A San Diego nursing home is accused of abusing and neglecting a patient. Team10 Investigative Reporter Jennifer Kastner has an exclusive interview with the man’s widow who also says that some of his medical records were forged. Now she’s suing the home over his death.
Carmen Thomason says her husband got severely ill because the staff at Mission Hills Health Care neglected him. He was rushed to the hospital and died within hours.
“We did everything together,” says Carmen of her late husband, George.
It was a marriage that others envied. It was playful, loyal and exciting. Yet it was ripped away, and so suddenly.
“He was perfectly fine and within a couple hours he was in full septic shock and my client was called and her husband never regained consciousness,” says attorney Vanessa Pena of her client. She is helping Thomason fight for justice for her late husband.
Carmen believes he was stripped of his dignity before his death, following an extended stay at the nursing home which is located on Washington Street by the 163.
'Severe septic shock'
Thomason weeps as she describes his deterioration. “I guarantee you wouldn't like to see a few things that I encountered,” she adds. She tells us he had been in the nursing home for a year and a half. He first went there after suffering a fall. She says he stayed longer because of his dementia and needed skilled treatment to recover.
According to the lawsuit, during his stay, he contracted scabies seven times and contracted multiple urinary tract infections. The court paperwork also reports that one time he was found by a nurse face down on the floor and he was crying that he hit his head in the fall. However, the suit reveals that he was never taken to the hospital and his family was never called.
In May of 2015, the lawsuit adds that he was rushed to the emergency room in “severe septic shock” from a urinary tract infection. According to the complaint, a "feeding tube was most likely placed into his colon and not his stomach".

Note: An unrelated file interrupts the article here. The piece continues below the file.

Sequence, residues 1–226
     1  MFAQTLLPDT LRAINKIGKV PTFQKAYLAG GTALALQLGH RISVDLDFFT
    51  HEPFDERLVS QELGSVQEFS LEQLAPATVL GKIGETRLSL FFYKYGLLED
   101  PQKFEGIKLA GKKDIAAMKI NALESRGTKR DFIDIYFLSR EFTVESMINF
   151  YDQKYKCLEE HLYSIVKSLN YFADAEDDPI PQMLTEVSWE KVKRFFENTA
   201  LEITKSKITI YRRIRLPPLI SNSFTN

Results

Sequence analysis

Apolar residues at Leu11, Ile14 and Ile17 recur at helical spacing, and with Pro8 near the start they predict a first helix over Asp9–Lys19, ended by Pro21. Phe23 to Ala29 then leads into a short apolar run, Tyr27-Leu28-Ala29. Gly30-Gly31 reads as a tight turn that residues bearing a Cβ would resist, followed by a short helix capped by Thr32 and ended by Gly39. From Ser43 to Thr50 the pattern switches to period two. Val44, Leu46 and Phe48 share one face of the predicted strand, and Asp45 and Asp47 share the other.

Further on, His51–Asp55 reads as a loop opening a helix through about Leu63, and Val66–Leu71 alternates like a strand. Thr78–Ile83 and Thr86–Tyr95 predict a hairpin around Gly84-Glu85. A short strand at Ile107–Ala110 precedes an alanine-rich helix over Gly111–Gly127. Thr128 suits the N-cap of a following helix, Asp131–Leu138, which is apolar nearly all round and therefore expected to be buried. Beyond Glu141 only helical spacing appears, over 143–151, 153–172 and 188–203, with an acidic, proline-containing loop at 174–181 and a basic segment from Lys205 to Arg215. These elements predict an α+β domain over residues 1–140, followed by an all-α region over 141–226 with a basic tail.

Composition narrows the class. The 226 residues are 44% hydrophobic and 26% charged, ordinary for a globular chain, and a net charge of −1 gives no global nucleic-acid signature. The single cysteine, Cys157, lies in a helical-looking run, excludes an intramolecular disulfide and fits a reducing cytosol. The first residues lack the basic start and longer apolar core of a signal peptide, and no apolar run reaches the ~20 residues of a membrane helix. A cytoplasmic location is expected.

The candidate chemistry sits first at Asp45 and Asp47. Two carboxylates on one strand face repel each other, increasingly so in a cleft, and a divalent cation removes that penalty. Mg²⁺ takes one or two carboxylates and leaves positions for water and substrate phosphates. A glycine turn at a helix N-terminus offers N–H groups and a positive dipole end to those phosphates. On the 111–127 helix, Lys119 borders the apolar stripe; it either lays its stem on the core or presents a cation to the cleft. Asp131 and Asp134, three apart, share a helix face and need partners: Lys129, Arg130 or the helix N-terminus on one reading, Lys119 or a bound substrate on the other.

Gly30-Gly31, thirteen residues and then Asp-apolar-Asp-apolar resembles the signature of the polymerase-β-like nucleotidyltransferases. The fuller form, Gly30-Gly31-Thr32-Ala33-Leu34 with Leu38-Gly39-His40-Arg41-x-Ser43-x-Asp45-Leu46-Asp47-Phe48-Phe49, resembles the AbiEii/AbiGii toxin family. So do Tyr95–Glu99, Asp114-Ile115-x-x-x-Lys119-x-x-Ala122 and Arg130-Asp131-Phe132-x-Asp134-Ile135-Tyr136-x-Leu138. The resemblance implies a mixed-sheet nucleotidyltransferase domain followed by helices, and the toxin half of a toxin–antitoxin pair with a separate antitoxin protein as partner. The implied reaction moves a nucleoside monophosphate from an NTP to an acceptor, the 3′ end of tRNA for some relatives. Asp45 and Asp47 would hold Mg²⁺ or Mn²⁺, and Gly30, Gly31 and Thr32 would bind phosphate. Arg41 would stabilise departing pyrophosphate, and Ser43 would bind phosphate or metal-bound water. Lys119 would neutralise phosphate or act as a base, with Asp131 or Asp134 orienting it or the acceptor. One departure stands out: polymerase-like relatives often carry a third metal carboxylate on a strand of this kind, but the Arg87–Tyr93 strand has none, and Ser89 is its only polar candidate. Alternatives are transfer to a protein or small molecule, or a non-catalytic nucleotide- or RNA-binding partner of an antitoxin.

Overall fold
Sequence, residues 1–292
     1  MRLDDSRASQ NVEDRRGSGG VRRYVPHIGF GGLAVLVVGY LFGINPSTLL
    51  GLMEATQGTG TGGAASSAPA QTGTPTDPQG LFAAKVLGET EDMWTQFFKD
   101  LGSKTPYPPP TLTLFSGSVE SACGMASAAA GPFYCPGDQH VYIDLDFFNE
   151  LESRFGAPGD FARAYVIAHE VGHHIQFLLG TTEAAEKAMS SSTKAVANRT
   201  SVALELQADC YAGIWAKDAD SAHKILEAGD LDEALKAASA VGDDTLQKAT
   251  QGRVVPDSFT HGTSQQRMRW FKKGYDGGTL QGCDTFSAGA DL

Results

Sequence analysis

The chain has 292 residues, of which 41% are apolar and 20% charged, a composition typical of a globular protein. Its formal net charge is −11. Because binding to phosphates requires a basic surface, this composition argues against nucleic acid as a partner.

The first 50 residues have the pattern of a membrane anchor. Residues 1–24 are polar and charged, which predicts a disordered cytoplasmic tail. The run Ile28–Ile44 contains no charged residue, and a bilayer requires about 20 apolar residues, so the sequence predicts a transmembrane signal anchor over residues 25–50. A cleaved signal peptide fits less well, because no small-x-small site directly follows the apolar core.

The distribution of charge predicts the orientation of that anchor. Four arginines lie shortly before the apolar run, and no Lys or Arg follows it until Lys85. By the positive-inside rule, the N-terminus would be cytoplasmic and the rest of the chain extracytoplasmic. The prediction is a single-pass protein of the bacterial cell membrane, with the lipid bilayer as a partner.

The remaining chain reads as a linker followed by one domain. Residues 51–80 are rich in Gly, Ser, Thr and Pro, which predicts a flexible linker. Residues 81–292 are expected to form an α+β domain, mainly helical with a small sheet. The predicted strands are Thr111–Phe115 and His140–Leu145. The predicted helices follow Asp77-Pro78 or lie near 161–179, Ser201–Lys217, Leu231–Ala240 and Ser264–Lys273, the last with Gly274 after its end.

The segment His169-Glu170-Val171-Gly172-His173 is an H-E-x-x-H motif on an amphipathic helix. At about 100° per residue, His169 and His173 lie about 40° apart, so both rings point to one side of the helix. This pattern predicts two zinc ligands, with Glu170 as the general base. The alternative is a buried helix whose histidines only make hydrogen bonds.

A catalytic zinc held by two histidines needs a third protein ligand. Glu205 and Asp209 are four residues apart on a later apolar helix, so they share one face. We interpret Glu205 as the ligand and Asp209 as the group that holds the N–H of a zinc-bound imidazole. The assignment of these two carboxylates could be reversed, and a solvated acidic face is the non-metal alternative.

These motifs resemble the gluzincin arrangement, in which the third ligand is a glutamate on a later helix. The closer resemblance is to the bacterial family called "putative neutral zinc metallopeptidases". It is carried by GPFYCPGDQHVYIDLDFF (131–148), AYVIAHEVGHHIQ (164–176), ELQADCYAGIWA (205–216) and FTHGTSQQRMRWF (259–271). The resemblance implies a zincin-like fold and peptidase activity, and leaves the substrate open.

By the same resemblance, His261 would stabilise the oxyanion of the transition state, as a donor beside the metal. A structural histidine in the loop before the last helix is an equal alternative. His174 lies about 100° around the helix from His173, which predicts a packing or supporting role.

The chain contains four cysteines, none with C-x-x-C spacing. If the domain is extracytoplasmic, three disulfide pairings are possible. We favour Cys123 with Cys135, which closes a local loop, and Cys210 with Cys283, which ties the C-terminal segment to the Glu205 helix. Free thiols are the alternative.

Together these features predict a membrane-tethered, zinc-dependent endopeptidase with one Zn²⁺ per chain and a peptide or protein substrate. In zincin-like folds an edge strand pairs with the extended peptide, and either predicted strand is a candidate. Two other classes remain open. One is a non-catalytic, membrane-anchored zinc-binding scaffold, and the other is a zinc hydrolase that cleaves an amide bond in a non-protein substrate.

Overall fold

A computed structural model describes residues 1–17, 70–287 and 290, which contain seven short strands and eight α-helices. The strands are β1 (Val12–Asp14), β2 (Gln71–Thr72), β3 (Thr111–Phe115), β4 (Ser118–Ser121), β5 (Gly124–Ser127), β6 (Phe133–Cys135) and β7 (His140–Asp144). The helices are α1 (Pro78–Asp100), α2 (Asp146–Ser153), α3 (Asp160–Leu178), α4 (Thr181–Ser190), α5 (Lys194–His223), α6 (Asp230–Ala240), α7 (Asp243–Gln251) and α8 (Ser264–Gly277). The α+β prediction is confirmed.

There are several more graphic details, but 10News is withholding them out of respect for the family.
George was dying
George was dying. Carmen put on jazz, which was his favorite type of music. She said ‘goodbye.'
“He opened his eyes and looked up and after that he just [left],” she tearfully describes.
She now believes the nursing home forged some of his medical records. Pena sent us a document, reportedly from the nursing home, that shows he received physical therapy on Tuesday, the 12th of May in 2015.
However, Pena also sent us a hospital record that shows he was admitted to UCSD Medical Center a day earlier, on the 11th.
The hospital record reports that he later expired, or died, during the hospital stay. “He's on his deathbed at the hospital. How could [the nursing home] be doing physical therapy on him?” asks Pena.
The facility only has two stars, which is below average
This is the second time that the nursing home has been sued for "wrongful death".
A settlement was reached over a lawsuit last year in which a family's loved one apparently suffered from "severe sepsis" stemming from neglect, according to the complaint.
A few years ago, another settlement was reached in a third suit brought against the home by a woman claiming negligence and elder abuse, among other complaints.
On Medicare.gov, the facility only has two stars, which is below average.
At 10news, we spent weeks working to get state records for all the complaints against local nursing homes since 2016.
Out of the 90 San Diego County homes that the California Department of Public Health investigated, Mission Hills Health Care took 13th place for the highest percentage of substantiated allegations. That means it didn't comply with state or federal regulations in a quarter of all of the allegations made by the public.
It ranked in 5th place when looking at similar complaints that came directly from healthcare facilities. There was noncompliance in about a quarter of all those allegations.
The home declined to comment about the Thomason case, but court records reveal it denies all the allegations.
“There has to be accountability for what happened,” adds Thomason, who is planning to keep up her fight.